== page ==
Monday, December 27, 2010


Voluntary reduction of salt in processed foods by the industry without coercion by the government is a dream being pursued in many countries with practically no impact on the issue. That salt intake, if reduced significantly can help in cutting down of mortality due to health disorders like CVD and others is well known but the common citizens does not seem to have much control on the problem in countries where they depend more and more on processed foods. Industry is reluctant to cut the use of salt in many products because of serious apprehensions regarding the acceptability of these salt-reduced products in a fiercely competitive market. There are reports that in some countries voluntary efforts by the industry in reducing use of salt have yielded results, albeit at a slow pace but experts believe that only mandatory and restrictive policies can expedite the goal. Here is a typical case of the bead industry in Australia where voluntary salt reduction assurances were not effective.

"Although various targets had been outlined and it had been agreed by the industry by 2009, a recent research has shown that the level of salt in the nation's bread supply has not undergone any changes in the last four years. A study had been carried out by the Sydney-based George Institute for Global Health (GIGH) which showed that there had been some reduction in the salt levels of some of the bread makers while for some other products it had increased with the net effect of no change. "Less than half of the bread products on Australian supermarket shelves currently meet the sodium target (400mg/100g) established by the government's food and health dialogue", the reports said. Between the years 2007 and 2010, there has been no change in the average sodium levels in Australian bread products. This report also puts forth the names of the best and worst bakers on their effort to reduce salt".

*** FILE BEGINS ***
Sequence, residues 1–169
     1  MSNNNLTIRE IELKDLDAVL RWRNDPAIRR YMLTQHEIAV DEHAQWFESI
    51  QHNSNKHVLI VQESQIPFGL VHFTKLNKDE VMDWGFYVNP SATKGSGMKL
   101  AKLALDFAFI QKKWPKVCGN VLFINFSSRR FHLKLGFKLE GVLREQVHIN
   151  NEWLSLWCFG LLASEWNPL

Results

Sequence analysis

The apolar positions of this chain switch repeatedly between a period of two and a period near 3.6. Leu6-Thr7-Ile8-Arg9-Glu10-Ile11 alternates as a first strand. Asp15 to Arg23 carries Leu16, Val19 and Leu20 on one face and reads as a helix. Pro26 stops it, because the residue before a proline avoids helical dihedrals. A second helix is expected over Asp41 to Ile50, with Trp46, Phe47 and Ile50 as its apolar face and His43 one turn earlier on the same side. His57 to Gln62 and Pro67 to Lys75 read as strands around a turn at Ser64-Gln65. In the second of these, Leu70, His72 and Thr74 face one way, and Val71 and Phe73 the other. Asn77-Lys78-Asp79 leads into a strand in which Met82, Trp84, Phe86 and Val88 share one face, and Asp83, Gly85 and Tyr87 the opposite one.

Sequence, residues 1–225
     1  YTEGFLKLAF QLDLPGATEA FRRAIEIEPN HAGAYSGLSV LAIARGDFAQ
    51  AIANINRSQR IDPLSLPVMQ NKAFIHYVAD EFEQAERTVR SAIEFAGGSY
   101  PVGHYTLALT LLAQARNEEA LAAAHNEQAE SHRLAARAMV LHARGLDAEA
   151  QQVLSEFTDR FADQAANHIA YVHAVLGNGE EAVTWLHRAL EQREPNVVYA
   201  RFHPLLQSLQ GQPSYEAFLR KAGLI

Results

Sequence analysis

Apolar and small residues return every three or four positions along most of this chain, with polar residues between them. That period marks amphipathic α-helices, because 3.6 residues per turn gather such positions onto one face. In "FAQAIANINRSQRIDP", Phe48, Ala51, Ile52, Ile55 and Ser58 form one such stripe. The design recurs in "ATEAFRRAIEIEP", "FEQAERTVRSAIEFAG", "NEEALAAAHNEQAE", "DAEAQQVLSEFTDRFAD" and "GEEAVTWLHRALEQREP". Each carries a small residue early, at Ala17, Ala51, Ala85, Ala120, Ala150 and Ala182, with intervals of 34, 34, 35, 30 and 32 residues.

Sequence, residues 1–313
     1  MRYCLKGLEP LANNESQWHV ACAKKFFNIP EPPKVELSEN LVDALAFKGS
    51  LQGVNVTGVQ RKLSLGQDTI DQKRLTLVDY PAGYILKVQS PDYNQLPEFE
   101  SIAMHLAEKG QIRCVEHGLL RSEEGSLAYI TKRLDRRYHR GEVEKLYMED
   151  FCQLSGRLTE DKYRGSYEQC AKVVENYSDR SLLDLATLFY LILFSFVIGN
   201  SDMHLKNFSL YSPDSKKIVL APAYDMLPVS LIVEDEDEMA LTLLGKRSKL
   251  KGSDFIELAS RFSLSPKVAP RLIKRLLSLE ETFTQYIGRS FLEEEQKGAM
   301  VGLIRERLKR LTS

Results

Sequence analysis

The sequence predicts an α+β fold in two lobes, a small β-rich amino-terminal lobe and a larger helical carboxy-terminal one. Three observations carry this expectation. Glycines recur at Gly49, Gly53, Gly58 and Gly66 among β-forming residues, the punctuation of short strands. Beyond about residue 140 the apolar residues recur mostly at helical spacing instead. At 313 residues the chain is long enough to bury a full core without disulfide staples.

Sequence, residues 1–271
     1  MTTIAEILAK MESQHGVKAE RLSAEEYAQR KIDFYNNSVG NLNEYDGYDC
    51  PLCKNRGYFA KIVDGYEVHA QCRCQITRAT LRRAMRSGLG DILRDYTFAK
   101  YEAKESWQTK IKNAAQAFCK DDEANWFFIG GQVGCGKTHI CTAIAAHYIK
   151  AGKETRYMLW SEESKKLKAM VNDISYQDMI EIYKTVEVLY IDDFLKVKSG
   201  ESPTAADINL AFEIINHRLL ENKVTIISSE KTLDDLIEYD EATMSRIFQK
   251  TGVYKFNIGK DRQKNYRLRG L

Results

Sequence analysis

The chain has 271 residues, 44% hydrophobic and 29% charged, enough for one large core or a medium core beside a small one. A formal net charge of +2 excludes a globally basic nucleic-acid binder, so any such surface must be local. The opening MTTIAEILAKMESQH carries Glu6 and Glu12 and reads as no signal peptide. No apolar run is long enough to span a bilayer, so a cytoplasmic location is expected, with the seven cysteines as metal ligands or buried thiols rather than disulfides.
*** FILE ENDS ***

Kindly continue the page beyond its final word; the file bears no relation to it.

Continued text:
It is not clear as to why bread industry is being accused of not reducing salt since a product like bread contains very little salt but more serious culprits are snacking and restaurant industries which are responsible for a large part of salt ingestion by the people. Also not clear is why the bread industry cannot reduce the salt levels because salt is not a significant ingredient that can influence the quality of the end product. While the bread industry can be forced to cut down drastically on the use of salt, what about the consumer who is likely to go for that ubiquitous "salt sprinkler" on the dining table to satisfy his taste buds? What can be done to persuade him not to consume too much salt in his every day cuisine? The only answer is "education" and unless a wider awareness about the dangers of too much salt in food is dinned into their ears, no worthwhile results can be expected in achieving universal goal of salt reduction.


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